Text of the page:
Sniff of freedom for Hicks as a BritonSydney Morning HeraldDecember 13, 2005
By Marian Wilkinson and Annabel Crabb
THE British High Court is expected to grant the Guantanamo Bay detainee David Hicks British citizenship tonight in a decision that will complicate the case for the Prime Minister, John Howard, and his two close allies in the war on terrorism: the US President, George Bush, and the British Prime Minister, Tony Blair.
Hicks's Adelaide lawyer, David McLeod, told the Herald yesterday that his client's international legal team was "quietly confident" the court would grant the citizenship, noting that Justice Lawrence Collins had "carefully listened to the arguments put".
Hicks's mother is a British citizen and, under the British Nationality Act, Hicks has a right to apply for British citizenship. But the British Home Office is fighting his application and wrote to Hicks's lawyers in October saying that because he was accused of "acts that are prejudicial to the United Kingdom", the British Government would propose stripping him of his citizenship immediately if it were granted.
Hicks has been imprisoned in Guantanamo Bay for four years, much of it spent in solitary confinement, after he was picked up in Afghanistan and handed over to US forces in December 2001.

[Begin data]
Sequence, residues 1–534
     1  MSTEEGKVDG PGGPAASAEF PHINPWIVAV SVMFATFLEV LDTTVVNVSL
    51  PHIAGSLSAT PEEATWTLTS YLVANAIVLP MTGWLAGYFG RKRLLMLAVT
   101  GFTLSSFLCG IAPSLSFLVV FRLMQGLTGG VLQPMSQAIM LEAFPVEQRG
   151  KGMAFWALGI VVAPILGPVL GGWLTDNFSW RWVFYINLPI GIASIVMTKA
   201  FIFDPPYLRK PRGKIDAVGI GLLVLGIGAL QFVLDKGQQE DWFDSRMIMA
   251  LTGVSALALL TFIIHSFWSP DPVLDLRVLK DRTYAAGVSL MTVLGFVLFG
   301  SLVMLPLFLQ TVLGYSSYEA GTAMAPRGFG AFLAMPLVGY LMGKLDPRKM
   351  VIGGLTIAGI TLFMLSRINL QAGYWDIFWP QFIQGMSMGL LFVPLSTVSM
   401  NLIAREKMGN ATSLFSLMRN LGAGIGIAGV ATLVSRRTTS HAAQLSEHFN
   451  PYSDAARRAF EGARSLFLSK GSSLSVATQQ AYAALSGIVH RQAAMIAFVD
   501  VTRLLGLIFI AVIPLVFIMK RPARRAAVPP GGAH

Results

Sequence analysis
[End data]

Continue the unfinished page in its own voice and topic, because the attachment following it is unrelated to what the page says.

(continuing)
He was charged by US military prosecutors in 2004 with conspiracy to attack civilians, attempted murder of coalition forces and aiding the enemy in Afghanistan. He is slated to appear before a special US military commission trial but it has been adjourned while his US lawyers pursue actions in the American courts to win his release.
The Howard Government has strongly supported the US military commissions and has refused to ask for Hicks's return to Australia. However, the Blair Government has condemned the military commissions as a violation of international law.
Britain won agreement from the Bush Administration that no British citizen would be forced to face trial by military commission, and got its citizens released from Guantanamo Bay.
Mr McLeod said if, as expected, Hicks was granted British citizenship, his lawyers will immediately request the US and British governments release him to Britain. The British Government is concerned that if Hicks is granted British citizenship, if it is not immediately stripped, he will renounce his Australian citizenship.
In these circumstances, Britain would no longer be able to take away his British citizenship because this would leave Hicks stateless.
Hicks's London barrister, Michael Fordham, told the High Court during the hearings two weeks ago that it was nonsensical to suggest that the British Government could award and then withdraw citizenship for Hicks in the same instant.
Justice Collins criticised the British Government's approach several times in the course of the hearings.
Mr McLeod said that it was too early to say whether Hicks would renounce his Australian citizenship if he won British citizenship. Hicks has two children living in Adelaide as well as his parents, who are separated, as well as other relatives.
Mr McLeod has asked the Australian Foreign Minister, Alexander Downer, for a meeting tomorrow morning in Adelaide to discuss the outcome of the British High Court decision.
> Hicks was detained near Kandahar in Afghanistan on December 9, 2001.
> He has spent the past four years and three days at Camp Delta, Guantanamo Bay.
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